'My toughest decision as president was returning the Office of Profit Bill to Parliament'

My guest this week is the man who has redefined the presidency, one of our most popular presidents ever, one of the most popular Indians of our times --   former president A.P.J. Abdul Kalam, or now, just Citizen Kalam.

Citizen or Prof Kalam.


As happy to be a citizen as a president, and as happy to be in this modest place in Delhi Cantonment?

Yes, this is a beautiful place.


After the Rashtrapati Bhavan?

They have made it very liveable. The environment's excellent.


And there are as many birds (as in Rashtrapati Bhavan).

It's as though all the peacocks (of Rashtrapati Bhavan) have come here.


I think they follow your wishes and directions. So tell me, Sir, your first thoughts after five years in the very onerous, privileged position of President of India.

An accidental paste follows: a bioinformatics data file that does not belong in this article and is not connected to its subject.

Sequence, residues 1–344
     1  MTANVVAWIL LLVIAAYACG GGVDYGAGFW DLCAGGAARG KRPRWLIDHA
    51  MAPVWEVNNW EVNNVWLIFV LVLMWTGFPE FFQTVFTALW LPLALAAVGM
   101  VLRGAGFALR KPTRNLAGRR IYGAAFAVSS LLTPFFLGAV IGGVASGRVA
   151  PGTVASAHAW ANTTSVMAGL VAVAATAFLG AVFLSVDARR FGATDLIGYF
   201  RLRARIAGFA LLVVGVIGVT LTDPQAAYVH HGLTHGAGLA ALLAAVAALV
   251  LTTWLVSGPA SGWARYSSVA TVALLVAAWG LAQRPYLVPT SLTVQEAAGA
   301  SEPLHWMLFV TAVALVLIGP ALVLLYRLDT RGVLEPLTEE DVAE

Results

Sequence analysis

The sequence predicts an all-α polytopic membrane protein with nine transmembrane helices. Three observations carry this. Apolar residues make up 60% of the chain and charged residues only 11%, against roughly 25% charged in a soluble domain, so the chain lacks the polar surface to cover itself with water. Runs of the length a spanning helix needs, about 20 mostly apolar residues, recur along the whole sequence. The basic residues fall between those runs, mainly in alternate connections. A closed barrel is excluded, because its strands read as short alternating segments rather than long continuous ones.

My first thoughts . . . you know, before reaching the Rashtrapati Bhavan, I was teaching. So almost it's a re-entry phenomenon.


Like a missile's re-entry?

Like the re-entry phenomenon. I immediately went, met students, took a class on nano sites, nano technology, faced a lot of questions. It was a beautiful experience. Then I went to a rural university, the Gandhigram University. It's a beautiful thing, seeing people and how they live there. The university builds earning capacity in students. I talked to students. They were unique students, because for them it was education with a purpose. I was away for five days and then I came back to Delhi, and Delhi is a very busy place for me. Yesterday, I saw people from a freedom society in Pune --   young people, college and high-school students, nearly 30 people. You know why they came?



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